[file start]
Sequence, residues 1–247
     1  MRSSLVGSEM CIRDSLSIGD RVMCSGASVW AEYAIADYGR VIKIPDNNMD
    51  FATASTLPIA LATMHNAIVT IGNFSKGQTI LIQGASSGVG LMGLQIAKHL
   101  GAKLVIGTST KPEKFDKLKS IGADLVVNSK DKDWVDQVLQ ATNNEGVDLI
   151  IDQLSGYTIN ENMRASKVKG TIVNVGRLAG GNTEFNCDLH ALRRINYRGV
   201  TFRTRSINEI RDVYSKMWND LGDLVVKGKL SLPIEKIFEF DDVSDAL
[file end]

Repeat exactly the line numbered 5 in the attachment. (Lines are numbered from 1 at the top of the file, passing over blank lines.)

   151  IDQLSGYTIN ENMRASKVKG TIVNVGRLAG GNTEFNCDLH ALRRINYRGV